4.5 Response Generators

Response generator is the module responsible to act upon the dialog manager’s input and returns candidate bot response(s). This module is made up of multiple task specific response generators. One or many response generators are activated based on the topic and user’s intent and return prospective responses. For example, we have used the CoBot’s out-of-the-box response generator - EVI as a general question-answering tool that deals with the user’s question intent. We have added/modified a number of response generators to provide an appropriate and engaging response to a user’s utterance. These are described next.

4.5.1 Extending Knowledge of CASPR using Amazon Kendra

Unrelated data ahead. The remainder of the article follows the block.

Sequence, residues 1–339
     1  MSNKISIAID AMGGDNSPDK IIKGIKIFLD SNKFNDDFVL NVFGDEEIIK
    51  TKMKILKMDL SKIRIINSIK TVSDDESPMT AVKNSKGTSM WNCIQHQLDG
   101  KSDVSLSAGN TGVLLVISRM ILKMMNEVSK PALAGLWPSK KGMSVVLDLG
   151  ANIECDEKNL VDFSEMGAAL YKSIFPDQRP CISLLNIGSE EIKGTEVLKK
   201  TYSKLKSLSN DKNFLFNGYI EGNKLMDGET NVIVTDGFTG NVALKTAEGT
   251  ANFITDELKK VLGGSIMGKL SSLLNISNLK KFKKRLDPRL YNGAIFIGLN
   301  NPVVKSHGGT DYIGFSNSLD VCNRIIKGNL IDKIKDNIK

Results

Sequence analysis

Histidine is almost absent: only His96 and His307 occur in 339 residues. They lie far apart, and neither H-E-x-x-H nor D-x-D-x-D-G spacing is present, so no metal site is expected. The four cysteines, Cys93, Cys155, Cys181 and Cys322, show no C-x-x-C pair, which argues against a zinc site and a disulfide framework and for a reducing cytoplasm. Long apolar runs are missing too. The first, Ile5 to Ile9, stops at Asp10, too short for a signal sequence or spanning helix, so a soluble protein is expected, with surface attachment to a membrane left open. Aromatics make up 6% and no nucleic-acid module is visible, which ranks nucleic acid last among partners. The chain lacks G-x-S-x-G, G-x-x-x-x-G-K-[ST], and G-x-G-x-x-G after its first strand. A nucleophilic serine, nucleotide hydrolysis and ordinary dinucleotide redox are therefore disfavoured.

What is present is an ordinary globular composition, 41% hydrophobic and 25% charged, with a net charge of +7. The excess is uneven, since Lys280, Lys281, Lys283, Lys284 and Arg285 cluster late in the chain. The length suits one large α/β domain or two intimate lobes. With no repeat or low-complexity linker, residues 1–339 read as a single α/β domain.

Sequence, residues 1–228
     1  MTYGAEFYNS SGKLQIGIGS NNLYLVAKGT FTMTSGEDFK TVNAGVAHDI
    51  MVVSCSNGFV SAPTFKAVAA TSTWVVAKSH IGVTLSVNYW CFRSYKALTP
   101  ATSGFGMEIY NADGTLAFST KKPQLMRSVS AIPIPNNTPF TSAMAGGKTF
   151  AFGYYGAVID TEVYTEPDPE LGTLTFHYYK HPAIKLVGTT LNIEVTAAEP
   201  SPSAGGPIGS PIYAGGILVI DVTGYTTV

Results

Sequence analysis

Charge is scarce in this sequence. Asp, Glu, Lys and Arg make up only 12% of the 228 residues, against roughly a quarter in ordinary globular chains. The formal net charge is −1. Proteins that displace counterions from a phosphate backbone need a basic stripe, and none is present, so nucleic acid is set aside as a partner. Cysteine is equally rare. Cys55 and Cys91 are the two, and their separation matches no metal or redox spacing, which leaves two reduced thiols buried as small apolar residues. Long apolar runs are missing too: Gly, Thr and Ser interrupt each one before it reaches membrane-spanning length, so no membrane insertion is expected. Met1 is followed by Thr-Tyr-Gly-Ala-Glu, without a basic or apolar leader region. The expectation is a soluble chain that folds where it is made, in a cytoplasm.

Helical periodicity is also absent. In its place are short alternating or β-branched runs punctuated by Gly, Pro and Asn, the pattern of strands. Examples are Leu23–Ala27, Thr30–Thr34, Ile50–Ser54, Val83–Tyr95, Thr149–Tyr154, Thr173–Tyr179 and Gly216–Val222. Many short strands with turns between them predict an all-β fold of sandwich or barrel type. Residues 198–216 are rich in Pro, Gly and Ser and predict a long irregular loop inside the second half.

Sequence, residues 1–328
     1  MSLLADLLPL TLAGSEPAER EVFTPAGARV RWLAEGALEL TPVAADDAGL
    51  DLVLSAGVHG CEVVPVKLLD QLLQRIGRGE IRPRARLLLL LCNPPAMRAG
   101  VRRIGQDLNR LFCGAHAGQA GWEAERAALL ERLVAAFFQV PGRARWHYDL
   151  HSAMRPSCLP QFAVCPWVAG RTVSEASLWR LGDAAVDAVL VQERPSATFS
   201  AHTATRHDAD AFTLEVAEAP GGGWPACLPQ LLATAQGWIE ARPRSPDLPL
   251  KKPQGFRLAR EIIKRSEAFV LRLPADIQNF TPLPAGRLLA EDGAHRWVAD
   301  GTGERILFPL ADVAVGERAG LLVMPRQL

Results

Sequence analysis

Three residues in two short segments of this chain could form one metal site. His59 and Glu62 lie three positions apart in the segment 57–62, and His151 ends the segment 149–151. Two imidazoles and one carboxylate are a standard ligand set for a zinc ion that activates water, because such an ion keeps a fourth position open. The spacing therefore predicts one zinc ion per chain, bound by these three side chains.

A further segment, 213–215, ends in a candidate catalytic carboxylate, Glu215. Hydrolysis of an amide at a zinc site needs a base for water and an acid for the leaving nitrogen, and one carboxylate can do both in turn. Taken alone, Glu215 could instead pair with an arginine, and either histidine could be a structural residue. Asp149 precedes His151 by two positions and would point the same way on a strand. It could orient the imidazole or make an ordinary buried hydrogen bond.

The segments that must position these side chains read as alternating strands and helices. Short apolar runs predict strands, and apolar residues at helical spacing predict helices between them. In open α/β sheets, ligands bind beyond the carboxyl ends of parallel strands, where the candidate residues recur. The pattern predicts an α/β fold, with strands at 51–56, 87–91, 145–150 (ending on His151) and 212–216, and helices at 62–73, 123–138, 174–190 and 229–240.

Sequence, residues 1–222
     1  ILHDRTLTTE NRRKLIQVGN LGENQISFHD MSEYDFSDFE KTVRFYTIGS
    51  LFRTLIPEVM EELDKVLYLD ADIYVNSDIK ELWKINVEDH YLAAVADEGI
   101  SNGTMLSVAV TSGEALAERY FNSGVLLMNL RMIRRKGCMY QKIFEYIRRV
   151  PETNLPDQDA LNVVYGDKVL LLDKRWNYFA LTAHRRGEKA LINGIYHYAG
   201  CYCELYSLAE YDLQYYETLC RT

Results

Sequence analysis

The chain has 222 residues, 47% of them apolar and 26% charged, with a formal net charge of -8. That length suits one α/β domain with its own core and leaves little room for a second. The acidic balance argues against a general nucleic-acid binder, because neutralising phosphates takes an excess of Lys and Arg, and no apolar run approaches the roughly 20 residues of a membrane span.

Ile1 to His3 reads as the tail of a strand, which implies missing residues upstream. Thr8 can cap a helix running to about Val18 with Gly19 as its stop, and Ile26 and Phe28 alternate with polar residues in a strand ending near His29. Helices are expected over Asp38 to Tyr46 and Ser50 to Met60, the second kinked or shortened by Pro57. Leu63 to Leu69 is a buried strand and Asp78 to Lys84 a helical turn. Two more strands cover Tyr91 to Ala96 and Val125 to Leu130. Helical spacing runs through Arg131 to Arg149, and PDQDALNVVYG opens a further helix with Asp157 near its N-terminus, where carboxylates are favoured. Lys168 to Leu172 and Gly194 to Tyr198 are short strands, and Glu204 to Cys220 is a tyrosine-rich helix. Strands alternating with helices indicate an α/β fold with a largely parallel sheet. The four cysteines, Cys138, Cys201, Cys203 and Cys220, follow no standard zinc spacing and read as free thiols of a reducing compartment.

We used the natural language question-answering capability of Amazon Kendra [kendra] service as a strategy to increase the knowledge of CASPR. Amazon Kendra provides indexing capabilities on a wide variety of document formats. This idea works reasonably well where there is not many structured data available, such as the data we had available to build Movie CKT and Book CKT. We chose Covid-19 as the primary topic to return responses from Kendra. As Covid-19 contains much medically sensitive jargon, we white-listed the words associated predominantly with Covid-19 to allow CASPR to respond. To index Covid-19 topic, we used the already available CORD-19 Service [bhatia2020aws]. CORD-19 is an index built on top of Kendra and is periodically updated with medical journal articles about Covid-19. The availability of Cord-19 offloaded the cost associated with maintaining a Kendra index on AWS. Nonetheless, we maintained an index of our own to add Wikipedia articles about topics or persons prompted by CASPR users. We also performed an analysis of how the EVI bot and the NRG bots respond to Covid related questions in comparison to the Kendra bot. We show the following table with questions ranging from very basic questions to questions of increasing technicality. Questions lower in the table are more technical.